Review: WOMAD festival, Charlton Park

Published in The Independent on August 1, 2018

Womad’s great strength is its eclecticism: there are bands from right across the globe, offering glimpses into lesser-known musical traditions from more than 50 countries, or slamming them together in unexpected combinations.

Where else would you see a Polish punk band performing 1930s protest songs on the banjo and tuba (Hanba)? Or a Finnish girl group closing a major tent with a mix of a cappella choral arrangements and beatboxing (Tuuletar)?

The crowd, although itself curiously un-diverse, features lots of young families and a goodly turn out from the grey pound, swathed in rainbow kaftans. It all makes for a pleasant, easygoing atmosphere; people are here for the music, but it’s never too precious.

Still, looking at the Friday line-up, you could be forgiven for thinking the festival was nostalgically catering primarily for the mid-Nineties caner.

After a pretty dated set from hip hop/jazz fusionists The Herbaliser, and a more bouncing DJ stint from Goldie, the headliner was Leftfield playing Leftism, their classic 1995 dance album. While it may have no great emotional resonance for me, it nonetheless proved to have a coherency of vision that makes it worth revisiting in full.

After months of baking heat, Saturday brought the rain; grey drizzle felt like quite the wrong backdrop for sunny headliners Amadou & Mariam, although they still brought their reliable, laid-back Malian grooves.

Even a deluge couldn’t dampen Camille, who takes the idea of the French chanteuse and flings it into a wildly new shape. From flailing, rolling-on-the-floor dance moves to her inventive body percussion and shamelessly orgasmic gasps and moans, she offered a quirky yet enjoyable set, with a trio of sweet-voiced backing singers/dancers adding to the general sense of theatrics.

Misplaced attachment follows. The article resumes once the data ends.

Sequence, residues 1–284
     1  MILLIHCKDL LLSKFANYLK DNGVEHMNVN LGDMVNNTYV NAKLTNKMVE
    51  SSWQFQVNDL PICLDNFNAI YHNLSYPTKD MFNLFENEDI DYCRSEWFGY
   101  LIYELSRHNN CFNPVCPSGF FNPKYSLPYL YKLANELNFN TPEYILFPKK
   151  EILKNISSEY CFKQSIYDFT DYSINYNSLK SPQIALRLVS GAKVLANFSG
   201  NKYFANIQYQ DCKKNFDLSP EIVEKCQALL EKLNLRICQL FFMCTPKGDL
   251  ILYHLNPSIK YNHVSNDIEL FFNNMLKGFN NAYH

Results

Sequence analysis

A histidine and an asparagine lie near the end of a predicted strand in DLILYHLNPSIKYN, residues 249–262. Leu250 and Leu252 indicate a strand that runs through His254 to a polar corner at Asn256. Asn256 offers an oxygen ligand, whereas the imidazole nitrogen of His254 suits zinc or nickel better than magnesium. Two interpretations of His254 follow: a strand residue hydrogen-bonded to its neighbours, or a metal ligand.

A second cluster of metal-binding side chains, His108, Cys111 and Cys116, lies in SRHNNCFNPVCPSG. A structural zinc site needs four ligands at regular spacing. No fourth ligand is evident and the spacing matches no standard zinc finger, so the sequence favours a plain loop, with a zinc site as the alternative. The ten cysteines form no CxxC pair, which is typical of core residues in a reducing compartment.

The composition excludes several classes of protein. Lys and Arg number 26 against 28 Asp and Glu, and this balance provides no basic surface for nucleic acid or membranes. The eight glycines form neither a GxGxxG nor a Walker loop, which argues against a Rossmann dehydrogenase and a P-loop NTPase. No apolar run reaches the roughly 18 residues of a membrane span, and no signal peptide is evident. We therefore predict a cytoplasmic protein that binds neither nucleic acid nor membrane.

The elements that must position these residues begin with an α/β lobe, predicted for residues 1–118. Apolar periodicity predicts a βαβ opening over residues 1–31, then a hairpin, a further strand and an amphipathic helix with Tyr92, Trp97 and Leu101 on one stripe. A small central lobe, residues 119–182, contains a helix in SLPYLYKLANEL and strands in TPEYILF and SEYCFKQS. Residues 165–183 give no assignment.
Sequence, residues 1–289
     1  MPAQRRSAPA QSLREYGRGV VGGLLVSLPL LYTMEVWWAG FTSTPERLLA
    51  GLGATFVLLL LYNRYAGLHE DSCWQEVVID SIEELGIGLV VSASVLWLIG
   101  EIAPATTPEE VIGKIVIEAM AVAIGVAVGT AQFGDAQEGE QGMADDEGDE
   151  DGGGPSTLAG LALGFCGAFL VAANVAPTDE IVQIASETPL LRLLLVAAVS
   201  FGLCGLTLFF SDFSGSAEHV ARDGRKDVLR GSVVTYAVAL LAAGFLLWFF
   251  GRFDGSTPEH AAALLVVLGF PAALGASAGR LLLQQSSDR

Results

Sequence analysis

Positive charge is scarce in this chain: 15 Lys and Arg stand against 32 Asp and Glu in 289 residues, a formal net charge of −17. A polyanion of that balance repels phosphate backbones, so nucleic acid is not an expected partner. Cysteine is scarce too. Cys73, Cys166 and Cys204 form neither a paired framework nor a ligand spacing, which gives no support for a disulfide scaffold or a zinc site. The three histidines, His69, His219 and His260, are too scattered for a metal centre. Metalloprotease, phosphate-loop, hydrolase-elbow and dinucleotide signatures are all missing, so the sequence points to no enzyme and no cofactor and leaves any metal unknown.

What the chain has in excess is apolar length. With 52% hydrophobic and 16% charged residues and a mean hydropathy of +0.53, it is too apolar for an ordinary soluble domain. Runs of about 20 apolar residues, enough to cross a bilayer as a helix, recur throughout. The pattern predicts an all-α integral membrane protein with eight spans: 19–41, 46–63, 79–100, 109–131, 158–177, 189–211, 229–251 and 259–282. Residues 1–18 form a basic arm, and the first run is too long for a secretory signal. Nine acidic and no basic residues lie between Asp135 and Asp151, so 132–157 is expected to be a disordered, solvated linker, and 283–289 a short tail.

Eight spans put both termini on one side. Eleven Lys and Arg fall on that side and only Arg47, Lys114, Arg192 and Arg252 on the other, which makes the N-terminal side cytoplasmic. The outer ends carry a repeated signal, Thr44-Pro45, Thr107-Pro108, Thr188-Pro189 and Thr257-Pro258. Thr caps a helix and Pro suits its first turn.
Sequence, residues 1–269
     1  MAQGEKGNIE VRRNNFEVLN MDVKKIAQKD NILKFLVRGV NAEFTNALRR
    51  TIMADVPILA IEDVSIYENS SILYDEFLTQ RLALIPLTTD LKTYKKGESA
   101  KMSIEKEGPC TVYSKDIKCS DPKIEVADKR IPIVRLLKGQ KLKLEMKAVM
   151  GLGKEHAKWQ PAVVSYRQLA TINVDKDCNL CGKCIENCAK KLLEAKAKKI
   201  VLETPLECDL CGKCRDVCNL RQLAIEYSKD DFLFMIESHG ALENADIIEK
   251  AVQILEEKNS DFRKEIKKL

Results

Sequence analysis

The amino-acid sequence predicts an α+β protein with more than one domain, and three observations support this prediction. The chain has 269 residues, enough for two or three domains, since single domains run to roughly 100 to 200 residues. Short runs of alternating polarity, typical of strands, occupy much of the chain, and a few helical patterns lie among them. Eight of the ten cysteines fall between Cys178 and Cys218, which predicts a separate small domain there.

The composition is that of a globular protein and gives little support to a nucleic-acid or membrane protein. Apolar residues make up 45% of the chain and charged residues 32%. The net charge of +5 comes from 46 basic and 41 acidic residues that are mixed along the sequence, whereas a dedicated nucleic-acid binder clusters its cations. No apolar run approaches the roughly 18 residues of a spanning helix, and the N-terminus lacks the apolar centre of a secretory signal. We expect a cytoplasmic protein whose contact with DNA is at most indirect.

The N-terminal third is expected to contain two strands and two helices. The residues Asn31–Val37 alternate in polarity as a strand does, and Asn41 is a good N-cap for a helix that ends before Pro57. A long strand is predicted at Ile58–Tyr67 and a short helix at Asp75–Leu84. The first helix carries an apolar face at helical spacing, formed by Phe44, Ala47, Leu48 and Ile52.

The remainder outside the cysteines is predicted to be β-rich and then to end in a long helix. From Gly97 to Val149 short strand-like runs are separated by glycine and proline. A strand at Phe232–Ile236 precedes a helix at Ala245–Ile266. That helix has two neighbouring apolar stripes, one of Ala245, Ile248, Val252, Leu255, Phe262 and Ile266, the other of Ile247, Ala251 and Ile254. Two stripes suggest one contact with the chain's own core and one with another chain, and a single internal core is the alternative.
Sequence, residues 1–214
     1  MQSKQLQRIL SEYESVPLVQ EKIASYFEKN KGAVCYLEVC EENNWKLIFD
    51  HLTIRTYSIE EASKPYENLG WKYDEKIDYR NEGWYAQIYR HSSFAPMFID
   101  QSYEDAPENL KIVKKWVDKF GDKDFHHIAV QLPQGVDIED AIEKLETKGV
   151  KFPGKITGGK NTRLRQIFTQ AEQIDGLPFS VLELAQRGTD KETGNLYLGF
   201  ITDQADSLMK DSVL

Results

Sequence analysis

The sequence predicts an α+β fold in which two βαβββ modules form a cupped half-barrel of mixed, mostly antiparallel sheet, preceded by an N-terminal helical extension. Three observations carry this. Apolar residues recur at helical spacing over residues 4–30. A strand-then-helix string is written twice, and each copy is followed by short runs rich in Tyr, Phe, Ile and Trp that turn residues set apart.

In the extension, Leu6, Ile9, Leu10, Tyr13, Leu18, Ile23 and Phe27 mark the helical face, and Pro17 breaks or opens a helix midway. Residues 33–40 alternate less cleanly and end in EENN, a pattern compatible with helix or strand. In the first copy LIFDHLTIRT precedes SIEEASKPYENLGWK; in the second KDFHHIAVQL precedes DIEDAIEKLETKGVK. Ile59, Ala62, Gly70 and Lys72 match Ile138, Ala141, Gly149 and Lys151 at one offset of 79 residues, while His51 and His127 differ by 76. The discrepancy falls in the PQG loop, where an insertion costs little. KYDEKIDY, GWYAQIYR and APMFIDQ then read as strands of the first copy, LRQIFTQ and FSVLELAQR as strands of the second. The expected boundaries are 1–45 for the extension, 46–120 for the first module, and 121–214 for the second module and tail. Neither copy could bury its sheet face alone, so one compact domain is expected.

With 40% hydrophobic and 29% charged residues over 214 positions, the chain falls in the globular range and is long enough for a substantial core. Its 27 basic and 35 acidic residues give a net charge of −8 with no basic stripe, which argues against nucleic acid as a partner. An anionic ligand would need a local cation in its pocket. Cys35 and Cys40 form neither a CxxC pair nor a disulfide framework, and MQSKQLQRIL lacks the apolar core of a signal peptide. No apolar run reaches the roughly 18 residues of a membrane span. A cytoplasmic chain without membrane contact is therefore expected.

Another highlight was Ezra Collective, a London-based jazz outfit with charisma to spare. They delivered raw power on the horns, and boasted an impressive rhythm section, irresistibly tight and funky; an unlikely cover of Noughties one-hit-wonder “Sweet Like Chocolate” ignited the crowd.

Driving rains cleared by Sunday afternoon, and the festival seemed relieved just to have survived (unlike cancelled Camp Bestival), with boingingly upbeat acts seeming to bring out the rainbows. Too Many Zooz – who started life as buskers on the New York subway – almost blew a tent away with their bounding “brass house”, their trumpet and baritone sax assaults getting heart-rates chugging and hands in the air.

Congolese collective KOKOKO! were similarly high-energy, their Kinshasa grooves delivered with fiery spirit and electronic beats. Closer to home, Django Django didn’t perhaps match them for raucous spirit, but still delivered a set of accessible, dance-hooked electro-art-rock.

A shout out must go to the smaller stages, where you really never know what gems may await. A highlight was La Dame Blanche, a Cuban queen with a million-watt smile and cigar in hand. As her music skittered between hip hop, dub, and dancehall, she slipped between rapping, playing jazz flute, and singing with a voice of rare, muscular majesty.

Then there was Edmar Castaneda, a Colombian harpist whose virtuosic, experimental command of the instrument proved mind-blowing. From strumming like a Spanish guitar to palming it like slap bass to pitch-shifting individual strings, the inventive techniques were also at times simply swept away by the sheer speed and rhythm of his joyous playing. It was utterly unique – much like Womad.

Where next?